When Anelka signed for Juventus at the end of the last transfer window, he was making the 10th move of his career, writes Ian Hawkey.
The many stops over Nicolas Anelka's career make it read more like a travelogue brouchure
Anecdotal accounts of Nicolas Anelka's first two months in Italian football are mostly positive.
Juventus teammates have talked of impressive displays in training, of his professionalism.
Off the field, his new colleagues do not see him much.
Anelka resides in a more urban area of Turin than star footballers usually chose.
Anelka has always been distinct.
His breakthrough as a swift, silky goalscorer was made before he was 18.
By 20, the Frenchman's advisers had mastered the freedom of movement possibilities freshly offered to outstanding players by the 1995 Bosman ruling and he became a byword for financially rewarding restlessness.
At 34, he still is.
When Anelka signed for Juventus at the end of the last transfer window, he was making the 10th move of his career, adding a ninth different club in a sixth different country to a hopscotch of a career that has attracted much criticism whenever he looked like he was engineering exits from clubs, but continuing admiration from respected coaches.
One coach said that while he valued Anelka the striker, he learnt quickly that the player's passion for the sport had clear borders.
That he was not the sort who would leave training and talk or watch football insatiably.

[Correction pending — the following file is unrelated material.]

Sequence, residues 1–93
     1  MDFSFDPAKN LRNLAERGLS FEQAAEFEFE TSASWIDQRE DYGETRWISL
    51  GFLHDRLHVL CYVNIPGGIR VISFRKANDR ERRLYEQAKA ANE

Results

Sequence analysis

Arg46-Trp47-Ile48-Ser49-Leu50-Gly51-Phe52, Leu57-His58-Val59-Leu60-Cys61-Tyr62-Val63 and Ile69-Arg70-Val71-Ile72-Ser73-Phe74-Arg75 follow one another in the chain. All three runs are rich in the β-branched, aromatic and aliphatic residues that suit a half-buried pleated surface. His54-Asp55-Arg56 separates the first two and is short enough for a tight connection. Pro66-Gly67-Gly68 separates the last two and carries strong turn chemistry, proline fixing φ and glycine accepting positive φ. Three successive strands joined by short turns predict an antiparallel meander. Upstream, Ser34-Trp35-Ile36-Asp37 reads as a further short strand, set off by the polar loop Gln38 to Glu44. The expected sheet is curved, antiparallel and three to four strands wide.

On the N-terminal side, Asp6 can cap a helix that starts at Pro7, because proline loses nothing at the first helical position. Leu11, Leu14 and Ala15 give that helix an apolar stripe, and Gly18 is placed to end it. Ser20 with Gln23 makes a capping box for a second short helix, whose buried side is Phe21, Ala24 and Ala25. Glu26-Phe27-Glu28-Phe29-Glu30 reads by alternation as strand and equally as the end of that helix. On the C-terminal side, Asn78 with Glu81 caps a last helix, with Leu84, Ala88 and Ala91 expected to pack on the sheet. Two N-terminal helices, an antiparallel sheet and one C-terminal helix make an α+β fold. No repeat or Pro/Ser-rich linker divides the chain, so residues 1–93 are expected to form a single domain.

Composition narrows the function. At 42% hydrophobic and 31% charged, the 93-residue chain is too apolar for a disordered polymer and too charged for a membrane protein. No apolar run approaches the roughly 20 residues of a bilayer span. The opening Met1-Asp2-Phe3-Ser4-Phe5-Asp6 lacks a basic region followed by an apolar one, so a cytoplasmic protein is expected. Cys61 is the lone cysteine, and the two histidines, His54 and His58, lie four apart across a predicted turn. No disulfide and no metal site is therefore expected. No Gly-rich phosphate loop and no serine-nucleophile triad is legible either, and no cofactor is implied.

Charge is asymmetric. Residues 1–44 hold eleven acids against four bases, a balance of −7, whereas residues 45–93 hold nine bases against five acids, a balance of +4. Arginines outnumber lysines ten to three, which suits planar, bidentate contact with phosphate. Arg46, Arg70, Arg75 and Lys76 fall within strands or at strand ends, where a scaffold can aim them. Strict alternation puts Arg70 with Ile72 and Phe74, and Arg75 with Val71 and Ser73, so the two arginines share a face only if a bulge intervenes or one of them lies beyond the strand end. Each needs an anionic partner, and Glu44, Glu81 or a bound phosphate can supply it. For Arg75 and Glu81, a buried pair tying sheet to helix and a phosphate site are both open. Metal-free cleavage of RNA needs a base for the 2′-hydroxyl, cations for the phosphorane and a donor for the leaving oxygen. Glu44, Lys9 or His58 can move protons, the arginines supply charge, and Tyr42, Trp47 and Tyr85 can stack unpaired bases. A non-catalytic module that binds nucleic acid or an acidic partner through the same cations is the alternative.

Music, it often seemed, brought him more pleasure. Perhaps that helps Anelka in his current circumstances.
For all the positive mutterings about his efforts in practice, Anelka in a Juve jersey has been a phantom.
Although he joined on a free transfer from Shanghai Shenhua and the worth of his five-month Juve contract is far below the reported €12 million (Dh56.7m)-a-year he was offered in China, his 20 minutes of Serie A action so far - plus four minutes in the Champions League - is hardly good value.
But if any week is to reveal why Anelka, 34 this month, was hired by Juve, this should be it.
A fifth striker in a squad hierarchy where there is no standout marksman - Mirko Vucinic, Seba Giovinco and Fabio Quagliarella have seven goals each across all competitions, Alex Matri six - may indeed be useful for a congested sequence of demanding games that fall immediately after Vucinic and Giovinco have been away on international duty.
Juve meet Inter Milan away on Saturday, and Bayern Munich three nights later in the Uefa Champions League quarter-finals first leg.
In his downtown Turin flat, Anelka ought to have circled those as important dates if he is to make a mark on a chapter of his winding career that is, so far, rather empty.
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